Coast Guard rescues 3 Americans from boat taking on water in Canadian waters

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CLEVELAND — The Coast Guard rescued three people from a boat taking on water in the vicinity of Fort Erie, Ontario, near the Buffalo River Thursday morning.

At about 9:10 a.m., a watchstander at Coast Guard Station Buffalo received a phone call from Buffalo 911 dispatch, reporting a 20-foot, U.S.-flagged vessel was taking on water with three people aboard. A search-and-rescue controller from Coast Guard Sector Buffalo began issuing urgent marine information broadcasts, which announces a request for assistance from anybody in the vicinity of the distressed boat.

Boatcrews aboard a 25-foot Response Boat-Small and a 45-foot Response Boat-Medium, from Station Buffalo, diverted from a routine training exercise to assist the boaters. The SAR controller at Sector Buffalo informed a SAR controller at Rescue Coordination Centre Trenton, Ontario, about the incident and Station Buffalo’s response and also requested assistance from the Fort Erie Fire Department.

The boatcrews arrived on scene with the distressed boaters at about 9:20 a.m. Upon arriving, the boatcrews were unable to make a direct approach to the boat, because it was almost on top of Rose’s Reef. Using their knowledge of the area, the boatcrew navigated around the reef and through deeper waters to come up directly alongside the distressed boat. Crewmembers put the boat in a side-tow, began dewatering, then navigated back to deeper water. The boatcrew used a stern-tow to bring the boat to the Buffalo First Marina.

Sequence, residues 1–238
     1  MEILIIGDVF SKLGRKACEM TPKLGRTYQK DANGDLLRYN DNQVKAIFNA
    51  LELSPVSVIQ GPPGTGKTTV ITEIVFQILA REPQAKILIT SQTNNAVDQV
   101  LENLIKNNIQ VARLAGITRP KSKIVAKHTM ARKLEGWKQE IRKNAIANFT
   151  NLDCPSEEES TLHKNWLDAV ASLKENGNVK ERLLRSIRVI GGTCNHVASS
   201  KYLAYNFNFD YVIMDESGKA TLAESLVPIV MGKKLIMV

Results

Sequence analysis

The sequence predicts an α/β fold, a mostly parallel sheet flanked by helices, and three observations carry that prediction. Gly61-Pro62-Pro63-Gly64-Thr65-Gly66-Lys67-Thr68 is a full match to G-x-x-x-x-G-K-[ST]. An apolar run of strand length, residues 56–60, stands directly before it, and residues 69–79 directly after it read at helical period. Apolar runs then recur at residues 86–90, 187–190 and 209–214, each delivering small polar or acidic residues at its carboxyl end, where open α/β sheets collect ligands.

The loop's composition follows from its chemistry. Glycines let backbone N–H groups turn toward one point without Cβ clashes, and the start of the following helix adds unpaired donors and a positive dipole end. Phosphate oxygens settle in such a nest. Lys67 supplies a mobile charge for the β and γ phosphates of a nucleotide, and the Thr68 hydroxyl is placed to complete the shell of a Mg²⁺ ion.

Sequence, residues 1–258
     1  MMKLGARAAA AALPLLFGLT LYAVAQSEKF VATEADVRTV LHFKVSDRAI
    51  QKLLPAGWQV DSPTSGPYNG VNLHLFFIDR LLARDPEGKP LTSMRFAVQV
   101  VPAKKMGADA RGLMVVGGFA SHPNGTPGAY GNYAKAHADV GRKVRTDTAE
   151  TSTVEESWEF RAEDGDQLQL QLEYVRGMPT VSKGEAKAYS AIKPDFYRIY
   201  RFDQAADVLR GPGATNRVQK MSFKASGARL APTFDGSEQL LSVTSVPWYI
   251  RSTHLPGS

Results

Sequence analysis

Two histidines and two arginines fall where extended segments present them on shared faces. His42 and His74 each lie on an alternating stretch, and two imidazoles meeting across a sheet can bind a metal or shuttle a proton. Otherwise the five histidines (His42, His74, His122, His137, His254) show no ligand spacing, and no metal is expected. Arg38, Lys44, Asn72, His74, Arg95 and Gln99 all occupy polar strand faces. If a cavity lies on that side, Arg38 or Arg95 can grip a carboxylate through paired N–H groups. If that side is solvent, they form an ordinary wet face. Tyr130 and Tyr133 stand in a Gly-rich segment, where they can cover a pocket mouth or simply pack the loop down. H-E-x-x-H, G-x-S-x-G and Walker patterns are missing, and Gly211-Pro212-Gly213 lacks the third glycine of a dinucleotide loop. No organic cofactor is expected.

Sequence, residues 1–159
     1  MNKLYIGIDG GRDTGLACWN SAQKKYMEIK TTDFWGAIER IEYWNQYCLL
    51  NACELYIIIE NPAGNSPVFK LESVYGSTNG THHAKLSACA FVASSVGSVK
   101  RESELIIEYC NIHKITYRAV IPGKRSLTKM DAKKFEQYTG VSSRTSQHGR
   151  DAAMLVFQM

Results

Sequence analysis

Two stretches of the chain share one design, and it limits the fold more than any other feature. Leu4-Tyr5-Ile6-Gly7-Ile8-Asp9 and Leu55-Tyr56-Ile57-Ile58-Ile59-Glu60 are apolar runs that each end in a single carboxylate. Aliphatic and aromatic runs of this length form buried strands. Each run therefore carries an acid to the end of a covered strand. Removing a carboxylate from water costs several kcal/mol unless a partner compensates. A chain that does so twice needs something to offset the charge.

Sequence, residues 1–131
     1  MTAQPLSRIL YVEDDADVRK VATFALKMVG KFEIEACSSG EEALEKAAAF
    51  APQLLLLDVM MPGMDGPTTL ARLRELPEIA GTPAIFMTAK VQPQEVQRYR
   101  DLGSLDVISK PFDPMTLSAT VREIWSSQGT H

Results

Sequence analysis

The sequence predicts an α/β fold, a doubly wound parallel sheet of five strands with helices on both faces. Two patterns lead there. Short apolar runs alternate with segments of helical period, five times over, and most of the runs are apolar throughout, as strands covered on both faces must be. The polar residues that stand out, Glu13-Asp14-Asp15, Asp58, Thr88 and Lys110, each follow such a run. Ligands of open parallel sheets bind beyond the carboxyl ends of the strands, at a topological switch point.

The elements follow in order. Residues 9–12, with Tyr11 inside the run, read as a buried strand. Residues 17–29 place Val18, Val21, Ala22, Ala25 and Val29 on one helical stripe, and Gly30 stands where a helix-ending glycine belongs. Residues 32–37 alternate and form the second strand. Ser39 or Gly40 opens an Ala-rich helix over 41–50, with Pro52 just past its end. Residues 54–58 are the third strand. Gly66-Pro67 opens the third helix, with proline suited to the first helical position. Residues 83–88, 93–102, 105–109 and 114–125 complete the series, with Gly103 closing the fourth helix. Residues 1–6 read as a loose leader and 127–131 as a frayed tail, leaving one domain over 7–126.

The stricken vessel was so badly damaged that the boatcrew requested an emergency haul-out during the tow, to prevent losing the boat at the pier.

“By using all our resources including GPS, paper charts, local knowledge, teamwork and case experience, we were able to safely conduct a rescue out of a tricky and potentially dangerous area,” said Petty Officer 3rd Class Jeremy Bossinger, the coxswain, or smallboat operator, of the 25-foot RB-S. “It is important for all boaters to be aware of hidden dangers in the water. The best way to do that is to learn how to read and use paper charts, because GPSs are not always completely accurate.”

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